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How Silas Howard Became the Best Trans Director Working Today

Before directing "Transparent," Silas Howard was already a queercore icon, and had directed one of the most influential trans films ever made. Now, he's more influential than ever.

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Photo by Miranda Penn Turin

In her book “New Queer Cinema,” film historian B. Ruby Rich calls “By Hook or By Crook” one of the seminal works of the New Trans Cinema, and marks the film as the moment “when the baton passe[d] from outsider to insider.” More than that, the film “was so much an embodiment of old San Francisco, but also so much a creation,” Rich told IndieWire last year. Comparing the film to the more recent “Tangerine,” she added, “Silas is the opposite of Sean [Baker]: Total street cred, total history, total sense of responsibility.”

READ MORE: ‘Transparent’ Cast Q&A: On BDSM And What It’s Like When Jill Soloway Whispers in Your Ear

Perhaps more than his being trans, Howard’s outsider perspective (in Hollywood, at least) comes from his working class background. “I have a lens of my experience that’s as much class-informed as it is queer and trans-informed.” It’s what makes “By Hook or By Crook” so charged with authenticity, and what informs his most personal work. These include two shorts inspired by the life of legendary San Francisco hustler and entertainer Bambi Lake, “Golden Age of Hustlers” and “Sticks and Stones.” Rich was especially keen on them as representative of Howard’s work. “I found those pieces really wonderful in how they combined street life, history, oral history, and high production values all together,” she said.

Following the success of “By Hook or By Crook,” he applied to film school at UCLA. (“I wanted to pretend to be rich for awhile”). It wasn’t exactly smooth sailing. After graduating in 2010, he re-entered the job world with a crumbling economy and a very sick father. “I was transitioning, and he was dying, and I was house painting. I was like: ‘Oh my god, I’ve done all this work.” It was during this time that he shot the two Bambi shorts and finished his second feature, “Sunset Stories,” which he co-directed with Ernesto Foronda. “I had no money for any of that.” He turned to Kickstarter, and his scrappy DIY skills to make it work. “My community greenlit me. People came and worked for me, people threw money in a can.”

Last year, Howard was approached by the MAC AIDS Foundation to make a documentary. To his surprise, he learned that the company was known for giving many trans women their first jobs at MAC Cosmetics make-up counters. Currently playing on Showtime, “More Than T” is a moving portrait of seven trans and gender non-conforming people who have overcome great challenges, but still dedicate their lives to some kind of activism. “They’re like, ‘I’m dealing with all this shit but I’m gonna go help all these other people,’” said Howard.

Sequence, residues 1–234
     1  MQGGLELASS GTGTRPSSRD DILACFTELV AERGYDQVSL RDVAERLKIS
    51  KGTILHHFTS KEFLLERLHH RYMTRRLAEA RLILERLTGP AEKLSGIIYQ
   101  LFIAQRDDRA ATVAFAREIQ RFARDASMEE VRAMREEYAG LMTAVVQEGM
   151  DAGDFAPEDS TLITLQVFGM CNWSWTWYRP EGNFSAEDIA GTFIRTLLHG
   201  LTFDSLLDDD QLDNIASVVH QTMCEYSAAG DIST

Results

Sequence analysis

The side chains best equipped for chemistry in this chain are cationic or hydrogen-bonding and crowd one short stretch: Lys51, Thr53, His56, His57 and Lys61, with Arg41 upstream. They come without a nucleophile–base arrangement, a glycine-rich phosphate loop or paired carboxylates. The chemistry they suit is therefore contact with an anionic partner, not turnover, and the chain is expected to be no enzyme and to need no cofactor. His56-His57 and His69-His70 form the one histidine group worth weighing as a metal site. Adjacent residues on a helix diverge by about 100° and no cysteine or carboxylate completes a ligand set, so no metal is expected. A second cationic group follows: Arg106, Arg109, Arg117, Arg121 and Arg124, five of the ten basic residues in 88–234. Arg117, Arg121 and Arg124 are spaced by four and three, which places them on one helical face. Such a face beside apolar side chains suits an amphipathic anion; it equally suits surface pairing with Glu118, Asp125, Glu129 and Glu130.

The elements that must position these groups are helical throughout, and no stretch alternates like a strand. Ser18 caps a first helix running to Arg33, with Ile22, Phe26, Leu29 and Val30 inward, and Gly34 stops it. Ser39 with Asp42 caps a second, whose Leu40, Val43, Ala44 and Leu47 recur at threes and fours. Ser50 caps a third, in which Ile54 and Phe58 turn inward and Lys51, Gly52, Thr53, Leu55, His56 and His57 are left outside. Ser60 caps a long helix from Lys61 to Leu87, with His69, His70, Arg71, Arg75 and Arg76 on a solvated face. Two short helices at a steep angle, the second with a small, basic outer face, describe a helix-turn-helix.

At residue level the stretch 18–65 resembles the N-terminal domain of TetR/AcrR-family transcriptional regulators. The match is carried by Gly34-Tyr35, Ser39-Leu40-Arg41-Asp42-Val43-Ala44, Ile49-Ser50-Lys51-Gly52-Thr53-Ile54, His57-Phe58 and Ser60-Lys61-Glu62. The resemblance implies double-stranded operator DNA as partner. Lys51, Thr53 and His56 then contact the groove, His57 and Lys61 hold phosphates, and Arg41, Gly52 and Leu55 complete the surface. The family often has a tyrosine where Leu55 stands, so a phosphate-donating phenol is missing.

These days, the filmmaker is in high demand. He’s currently shooting his third feature, “A Kid Like Jake,” starring Octavia Spencer, Claire Danes, and Jim Parsons. Based on a play by recent Yale graduate Daniel Pearle, Jim Parsons’ production company approached Howard with the project. First staged at Lincoln Center in 2013, “A Kid Like Jake” follows the parents of a gender non-conforming child as they navigate New York City’s highly competitive private school admissions process.

READ MORE: Jill Soloway On Why She Addresses Race Head On In ‘Transparent’ Season 3

“It’s not really a trans story, it’s really about anxiety in society about policing gender,” Howard said. “Flying blind as a parent, and the primal urge to protect. The ways we do the wrong thing out of the urge to protect people around us. Then also the intense class structure, and how that starts right away. And the weird commodification of otherness that happens.”

When asked if he ever feels the “commodification of otherness” when it comes to his own career, Howard paused and took a moment to think it through. “I’m obviously out as a trans director and it’s really important, and then it’s also reductive to be a trans director,” he said. “So I use it. I want to tell as stories that I’ve been telling for 20 years. I don’t identify as male in a traditional way. I am masculine-presenting, I feel trans, I don’t feel male in that way. I waited to transition and I lived as gender non-conforming because I am very queer identified. So that’s so deeply ingrained in me, but it’s easier to do after 15 years of totally independent queer storytelling.”

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